Friday, November 05, 2010

Poetry Friday: Roots and Blues A Celebration

Roots and Blues: A Celebration. Arnold Adoff. Illustrated by R. Gregory Christie. 2011. January 2011. Houghton Mifflin Harcourt. 96 pages.

Arnold Adoff explores the roots of the Blues through poems in his newest book. It's rich in African tradition, and firmly rooted in American history--culture. The words themselves are lyrical--very beautiful. Everything you could want or need. But the format I found to be tricky. (The book jacket calls this format Adoff's "signature shaped-speech" style. ) I found that the poems worked better when read aloud. Some poetry just does, you know. Some are just meant to be read aloud, spoken, performed even.
Chained in rags in blood in dark death of daylight. To survive the passage across the ocean from life to living hell to life in hell means silent singing of old songs. Behind the eyes the fingers strum homeland strings and memory of my history remains as strong as steel. Always: this melody of words is journey home. (10)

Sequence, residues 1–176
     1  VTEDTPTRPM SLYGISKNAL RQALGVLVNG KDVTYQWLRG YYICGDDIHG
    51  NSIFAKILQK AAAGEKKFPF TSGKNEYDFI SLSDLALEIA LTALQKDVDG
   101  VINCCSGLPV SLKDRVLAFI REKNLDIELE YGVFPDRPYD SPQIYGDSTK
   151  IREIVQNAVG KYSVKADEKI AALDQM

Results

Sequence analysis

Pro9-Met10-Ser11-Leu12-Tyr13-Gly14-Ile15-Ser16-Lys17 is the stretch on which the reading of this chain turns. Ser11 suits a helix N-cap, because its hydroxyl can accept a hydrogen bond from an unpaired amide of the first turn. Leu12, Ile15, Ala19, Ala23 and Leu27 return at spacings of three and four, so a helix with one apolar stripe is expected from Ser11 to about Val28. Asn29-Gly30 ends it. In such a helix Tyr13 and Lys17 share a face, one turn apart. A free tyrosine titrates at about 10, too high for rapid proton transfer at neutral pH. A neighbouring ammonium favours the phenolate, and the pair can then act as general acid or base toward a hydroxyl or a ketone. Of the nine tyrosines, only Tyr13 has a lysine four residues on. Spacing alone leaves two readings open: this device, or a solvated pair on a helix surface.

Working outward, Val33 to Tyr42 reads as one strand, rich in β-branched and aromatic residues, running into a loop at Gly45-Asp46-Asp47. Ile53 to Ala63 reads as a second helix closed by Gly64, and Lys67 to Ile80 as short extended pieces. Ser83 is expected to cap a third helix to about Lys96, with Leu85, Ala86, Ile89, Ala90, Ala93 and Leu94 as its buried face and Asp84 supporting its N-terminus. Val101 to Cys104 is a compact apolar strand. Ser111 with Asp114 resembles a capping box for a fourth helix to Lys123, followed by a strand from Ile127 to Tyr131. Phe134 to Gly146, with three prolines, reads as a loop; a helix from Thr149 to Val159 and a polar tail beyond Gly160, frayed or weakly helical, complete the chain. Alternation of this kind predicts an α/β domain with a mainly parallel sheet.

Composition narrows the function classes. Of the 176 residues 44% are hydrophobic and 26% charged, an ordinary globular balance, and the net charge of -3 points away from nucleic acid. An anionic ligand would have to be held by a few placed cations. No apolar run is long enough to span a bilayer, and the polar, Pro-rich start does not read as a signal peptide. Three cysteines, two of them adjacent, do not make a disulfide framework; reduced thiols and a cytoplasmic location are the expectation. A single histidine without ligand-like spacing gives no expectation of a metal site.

The imagery is beautiful, powerful. There are poems that just resonate.
If the chain breaks
before the rock breaks
still not free.
When I finish this road
still can't ride.
When I finish that road
still step aside.
When I build that house
still not for me.
If the chain breaks
before the rock breaks
still not free.
Not free.
Free. (35)
I liked this one. I thought the poems were done beautifully. They were complemented nicely by R. Gregory Christie's illustrations.

Perhaps this one might pair well with:

Wynton Marsalis' Jazz ABZ.
Walter Dean Myer's Jazz

© Becky Laney of Becky's Book Reviews

1 comment:

Kristi's Book Nook said...

This sounds like a fantastic book. Great review.